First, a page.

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This year, each family of four in rural Saskatchewan will receive $1,100 as a refundable tax credit from the Canadian government. It corresponds roughly to the amount Ottawa collects in yearly carbon taxes on the province’s citizens — for most of whom the “Climate Action Incentive Payment” more than covers the additional costs they face because of the tax.
It is one of very few real-world cases of “carbon-tax-and-dividend”, a policy pioneered at a provincial level by British Columbia. Yet it is the most promising approach if countries are to overcome the biggest remaining hurdle on the path to decarbonisation.
We have come a long way along that path. Policies to green the economy, such as carbon taxes and emissions trading, are well understood, and getting to net zero is technologically and commercially feasible. But the biggest obstacle is still ahead of us: mobilising the political will and mass public support for solutions we know are needed but that are more radical and demanding than anything done so far.
Most politicians are nominally committed to net zero. Fewer are prepared to administer the shock that meaningful decarbonisation entails — carbon-intensive activities will become dramatically more costly or inconvenient for those who undertake them.
Climate change politics is in danger of being subsumed by the culture wars that have riven western societies. It is easy to cast these policies as simply intended to penalise the lifestyles of everyone but urban liberals. And many, from ill-intentioned states to carbon-reliant businesses, have an interest in surreptitiously fuelling climate scepticism.
Outright climate change denial grafted on to far-right anti-wokeism is not, however, the greatest problem. The real culture war threat is something more subtle.
A sociological study of France’s yellow vest activists shows that far from being climate sceptics, they are well aware of the threat of climate change and support containing it. What they object to are policies that put the burden on those already suffering most from economic change.
Similarly a report by the Tony Blair Institute finds that most people in the UK accept that climate change requires emissions cuts. Nevertheless, they are poorly informed about what exactly “net zero” involves, and particularly unconvinced that they themselves are the ones who need to do anything.
The final hurdle on the road to decarbonisation, then, is not to convince the public that climate change is real, but to overcome suspicions that any policy is dishonest, ineffective and places the burden on those who least deserve to bear it. (Note that this description of the politics of climate change within nations also captures the state of climate politics between countries.)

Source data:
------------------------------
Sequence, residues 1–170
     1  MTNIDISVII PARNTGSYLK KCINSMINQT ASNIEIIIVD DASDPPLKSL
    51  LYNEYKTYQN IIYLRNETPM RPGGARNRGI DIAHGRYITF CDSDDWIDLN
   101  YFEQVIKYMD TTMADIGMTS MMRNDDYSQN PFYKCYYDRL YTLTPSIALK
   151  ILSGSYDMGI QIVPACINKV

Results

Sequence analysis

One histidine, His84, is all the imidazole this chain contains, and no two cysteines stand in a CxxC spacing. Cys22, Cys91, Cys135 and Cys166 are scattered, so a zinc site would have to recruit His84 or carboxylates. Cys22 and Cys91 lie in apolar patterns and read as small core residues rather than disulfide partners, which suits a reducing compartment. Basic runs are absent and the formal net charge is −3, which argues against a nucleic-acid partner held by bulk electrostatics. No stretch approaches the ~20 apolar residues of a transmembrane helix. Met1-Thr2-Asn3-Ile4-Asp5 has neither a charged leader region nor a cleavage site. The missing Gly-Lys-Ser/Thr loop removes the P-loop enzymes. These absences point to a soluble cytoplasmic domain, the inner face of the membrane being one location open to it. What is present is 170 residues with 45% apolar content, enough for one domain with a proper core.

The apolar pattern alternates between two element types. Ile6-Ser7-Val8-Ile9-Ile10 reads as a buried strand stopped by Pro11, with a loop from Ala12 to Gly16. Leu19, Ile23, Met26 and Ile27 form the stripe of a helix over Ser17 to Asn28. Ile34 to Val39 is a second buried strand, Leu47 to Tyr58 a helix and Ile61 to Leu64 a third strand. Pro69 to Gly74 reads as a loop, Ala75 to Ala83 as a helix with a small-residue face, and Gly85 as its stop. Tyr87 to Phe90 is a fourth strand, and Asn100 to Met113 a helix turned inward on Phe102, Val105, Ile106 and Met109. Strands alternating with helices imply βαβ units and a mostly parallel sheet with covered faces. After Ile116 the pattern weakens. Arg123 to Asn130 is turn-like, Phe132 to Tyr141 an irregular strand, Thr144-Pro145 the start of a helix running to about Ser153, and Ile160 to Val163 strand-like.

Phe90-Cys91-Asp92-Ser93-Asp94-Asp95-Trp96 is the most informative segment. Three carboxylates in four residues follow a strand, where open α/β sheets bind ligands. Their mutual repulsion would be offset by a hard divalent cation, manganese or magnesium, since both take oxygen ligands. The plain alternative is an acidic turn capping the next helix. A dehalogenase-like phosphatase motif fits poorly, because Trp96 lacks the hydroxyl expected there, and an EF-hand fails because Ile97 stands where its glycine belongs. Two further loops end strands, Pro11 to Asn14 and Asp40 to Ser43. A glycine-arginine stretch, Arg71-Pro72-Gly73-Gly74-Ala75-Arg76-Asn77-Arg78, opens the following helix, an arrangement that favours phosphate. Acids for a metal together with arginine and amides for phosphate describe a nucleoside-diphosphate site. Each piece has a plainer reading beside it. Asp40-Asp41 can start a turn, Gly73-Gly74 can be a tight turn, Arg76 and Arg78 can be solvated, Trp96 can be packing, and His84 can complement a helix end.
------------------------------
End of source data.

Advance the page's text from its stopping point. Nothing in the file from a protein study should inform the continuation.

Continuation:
We will fail unless we match a broad acceptance of the climate challenge with an equally broad acceptance of the means to address it — by ensuring that those means both are and are seen to be fair.
Calls for a “just transition” prove that politicians know this. But lip service is not enough. Those fearful of forceful climate change policies need to experience that these policies make them demonstrably better off.
That is what makes the Canadian experiment so important. The general idea of carbon-tax-and-dividend combines a steep tax on emissions with redistributing the revenue to individuals, on an equal lump sum basis or tilted in favour of the poor and those in less populated areas. Its backers range from US Republican grandees to Europe’s green parties, from German and French government economic advisers to James Hanson, the “godfather of climate science”.
Because the poor emit less absolute carbon than the rich, but more relative to their budget, the “dividend” part of the policy more than compensates a majority of the population — in outright payments — for the higher price of energy they face. It is a fair distribution of burdens, and the hope is that it is also seen to be fair.
Does it? In Canada it hasn’t had “a magical impact” in terms of increasing support for the carbon tax, according to Kathryn Harrison, a political-science professor at the University of British Columbia. But she suggests ensuring the benefit is more visible could make a difference. Cheques in the mail or monthly account payments, rather than a credit off annual tax bills; a name highlighting the link with the carbon tax; individual rather than household entitlements — all these could make the upside of the policy more salient in voters’ minds.
Already, it seems impossible to campaign on explicitly removing it without a replacement. In the current election, Canada’s Conservatives have given up their longstanding opposition to carbon pricing. And Harrison thinks that if the Liberal party retains power, its plan for carbon tax rises will soon mean the dividends loom much larger in voters’ minds. The $170/tonne carbon tax projected for 2030 could lead to annual payments up to $4,000 per family, according to government estimates.
Those amounts should convince many waverers that what is good for the planet is also good for them. Politicians serious about net zero should adopt the policy without delay.